|The New Moto E (Right) With it's Dual-Speaker-ed Older Brother|
Recently Motorola released their latest addition to the Moto E line-up of devices, these being the smallest, cheapest and lowest spec models. These are aimed at those who still want the Moto Android 5.0 experience, but don’t want the hefty price-tag that a costly Moto X brings with it. The device features a similar shape to the other Moto devices, being rectangular with curved corners and a bulging curved rear. The device, however lacks the metal frame that the Moto X bears so proudly, and the hardware specs the Moto X brags. The device is also not nearly as powerful as the Moto G, which is definitely a competitive mid-range smartphone.
The device sports a 4.5” qHD display (Don’t be fooled, the device isn’t quad HD) – it has a resolution of just 540x960 pixels and sports only 245 pixels per inch. The device is protected by Corning Gorilla Glass 3, so should withstand simple drops and bumps, but wouldn’t appreciate being dropped screen-down.
The rear facing camera records 720p HD video at 30 Frames per second, with a 5MP lens, making the camera fairly high up in the low-range market, but the front facing lens is only capable of VGA, which is Standard definition, not HD – so selfie photographers might be put off this device.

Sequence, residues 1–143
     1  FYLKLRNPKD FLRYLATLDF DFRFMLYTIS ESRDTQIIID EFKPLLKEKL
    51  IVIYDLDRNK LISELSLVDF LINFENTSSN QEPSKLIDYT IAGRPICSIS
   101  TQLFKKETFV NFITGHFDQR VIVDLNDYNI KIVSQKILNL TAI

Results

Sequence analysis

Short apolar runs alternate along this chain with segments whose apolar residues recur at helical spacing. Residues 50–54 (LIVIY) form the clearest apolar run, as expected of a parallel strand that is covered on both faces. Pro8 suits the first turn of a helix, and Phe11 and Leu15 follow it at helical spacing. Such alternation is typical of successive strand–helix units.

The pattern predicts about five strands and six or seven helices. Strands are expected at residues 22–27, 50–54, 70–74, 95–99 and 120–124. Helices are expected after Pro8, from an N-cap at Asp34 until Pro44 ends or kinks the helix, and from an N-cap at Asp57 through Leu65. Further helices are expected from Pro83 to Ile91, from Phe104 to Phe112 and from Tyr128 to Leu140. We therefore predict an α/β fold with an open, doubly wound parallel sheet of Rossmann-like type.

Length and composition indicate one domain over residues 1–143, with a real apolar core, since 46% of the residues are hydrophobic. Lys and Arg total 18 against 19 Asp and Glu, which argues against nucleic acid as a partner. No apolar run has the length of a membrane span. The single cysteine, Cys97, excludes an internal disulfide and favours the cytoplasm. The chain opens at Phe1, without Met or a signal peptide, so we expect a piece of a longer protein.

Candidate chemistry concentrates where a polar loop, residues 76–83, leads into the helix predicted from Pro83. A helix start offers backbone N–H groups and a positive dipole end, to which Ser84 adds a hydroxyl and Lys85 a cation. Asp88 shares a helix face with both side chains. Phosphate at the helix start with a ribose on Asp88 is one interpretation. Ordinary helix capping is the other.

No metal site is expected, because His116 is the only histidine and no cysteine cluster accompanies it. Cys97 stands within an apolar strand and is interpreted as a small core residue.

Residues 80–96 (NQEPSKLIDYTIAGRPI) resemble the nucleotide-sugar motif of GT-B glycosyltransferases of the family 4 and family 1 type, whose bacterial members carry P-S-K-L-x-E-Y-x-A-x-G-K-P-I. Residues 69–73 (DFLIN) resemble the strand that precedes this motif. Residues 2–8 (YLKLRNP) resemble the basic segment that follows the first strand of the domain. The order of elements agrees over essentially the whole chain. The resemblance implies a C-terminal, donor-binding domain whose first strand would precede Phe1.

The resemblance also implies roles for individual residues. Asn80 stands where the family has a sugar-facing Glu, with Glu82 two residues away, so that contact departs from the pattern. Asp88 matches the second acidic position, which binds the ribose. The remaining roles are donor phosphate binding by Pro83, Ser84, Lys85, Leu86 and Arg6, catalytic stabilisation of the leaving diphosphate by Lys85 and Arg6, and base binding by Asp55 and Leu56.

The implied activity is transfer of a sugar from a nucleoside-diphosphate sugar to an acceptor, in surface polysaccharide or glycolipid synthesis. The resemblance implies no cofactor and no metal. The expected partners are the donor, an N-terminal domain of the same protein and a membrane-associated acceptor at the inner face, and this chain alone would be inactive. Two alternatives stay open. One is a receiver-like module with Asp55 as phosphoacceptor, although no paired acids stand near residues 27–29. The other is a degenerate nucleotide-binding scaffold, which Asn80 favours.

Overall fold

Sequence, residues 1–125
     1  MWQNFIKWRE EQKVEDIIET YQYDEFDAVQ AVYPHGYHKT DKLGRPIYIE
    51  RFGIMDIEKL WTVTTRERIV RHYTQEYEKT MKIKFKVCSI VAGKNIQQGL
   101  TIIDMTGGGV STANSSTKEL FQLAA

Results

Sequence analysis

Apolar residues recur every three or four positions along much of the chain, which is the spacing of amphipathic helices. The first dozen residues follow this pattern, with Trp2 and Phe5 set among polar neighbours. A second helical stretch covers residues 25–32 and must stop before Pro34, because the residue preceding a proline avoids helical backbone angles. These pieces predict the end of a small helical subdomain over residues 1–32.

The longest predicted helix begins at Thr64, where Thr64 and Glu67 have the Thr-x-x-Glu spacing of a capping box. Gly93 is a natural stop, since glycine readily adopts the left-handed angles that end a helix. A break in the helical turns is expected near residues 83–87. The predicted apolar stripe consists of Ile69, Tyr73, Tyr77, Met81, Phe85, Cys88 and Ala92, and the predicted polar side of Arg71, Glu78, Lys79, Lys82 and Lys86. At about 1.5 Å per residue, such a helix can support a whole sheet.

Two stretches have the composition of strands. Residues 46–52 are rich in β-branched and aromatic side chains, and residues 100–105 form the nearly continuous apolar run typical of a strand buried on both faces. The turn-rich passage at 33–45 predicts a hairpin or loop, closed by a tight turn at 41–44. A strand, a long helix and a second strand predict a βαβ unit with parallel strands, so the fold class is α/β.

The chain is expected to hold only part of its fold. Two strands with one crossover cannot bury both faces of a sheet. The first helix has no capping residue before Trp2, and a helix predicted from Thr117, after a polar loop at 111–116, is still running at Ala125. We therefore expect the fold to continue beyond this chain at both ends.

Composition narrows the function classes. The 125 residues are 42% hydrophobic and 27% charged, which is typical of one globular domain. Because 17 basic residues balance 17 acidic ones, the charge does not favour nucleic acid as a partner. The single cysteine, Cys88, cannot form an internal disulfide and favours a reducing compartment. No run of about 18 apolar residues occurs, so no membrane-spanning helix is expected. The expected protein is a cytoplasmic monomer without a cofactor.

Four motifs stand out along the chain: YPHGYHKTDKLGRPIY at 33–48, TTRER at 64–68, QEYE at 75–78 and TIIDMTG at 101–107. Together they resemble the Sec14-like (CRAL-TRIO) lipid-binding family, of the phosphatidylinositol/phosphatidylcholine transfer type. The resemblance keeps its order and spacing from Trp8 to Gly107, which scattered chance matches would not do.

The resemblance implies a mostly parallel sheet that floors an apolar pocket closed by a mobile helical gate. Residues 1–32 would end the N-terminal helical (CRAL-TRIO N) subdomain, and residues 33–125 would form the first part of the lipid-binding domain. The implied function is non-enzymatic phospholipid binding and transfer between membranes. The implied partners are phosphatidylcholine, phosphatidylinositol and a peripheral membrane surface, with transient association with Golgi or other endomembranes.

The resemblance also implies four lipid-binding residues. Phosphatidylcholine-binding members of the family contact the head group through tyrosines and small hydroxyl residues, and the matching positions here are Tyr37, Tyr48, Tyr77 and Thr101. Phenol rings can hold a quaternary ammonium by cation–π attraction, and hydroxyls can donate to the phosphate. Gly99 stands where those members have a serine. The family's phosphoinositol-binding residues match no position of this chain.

The device features many of the same software features as the 2014 Moto X, such as Moto voice – allowing you to customise what you have to say to activate voice control, instead of a being “Ok, Google.” You can now, finally say “Hal, sing me a song.” And your phone will respond with a ping. Not quite a Space Odyssey, but we’re nearly there – only 14 years late.
The Moto E won’t be exciting anybody who’s waiting to get their hands on a Samsung Galaxy S6, but for those who are new to the world of smartphones and android alike, this is a good place to start.
Don’t make the mistake of buying this as a comparison to an iPhone. If you’re coming to Android because you’re fed up of iOS, spend the same amount of money and you’ll get a much better experience, but buy a budget android phone and that isn’t a fair comparison. However, the Moto E certainly competes with the iPhone in many ways.
Its screen is much larger than the iPhone 5 and previous generations, and 0.3” larger than the iPhone 6. It comes into the market at a very respectable £107, or free with a £13 contract each month.
The device performs simple tasks adequately and allows for a very smooth Android experience. If you need to multitask, however, this isn’t the place to look – the Moto E is very good at doing one thing at once, but not so great at trying to run hundreds of apps in the background!
So, is this the Moto for you? Are you new to smartphones, or just want to revert back to simpler times? Do you not want a second mortgage to get the Moto X? Let us know in the comments below!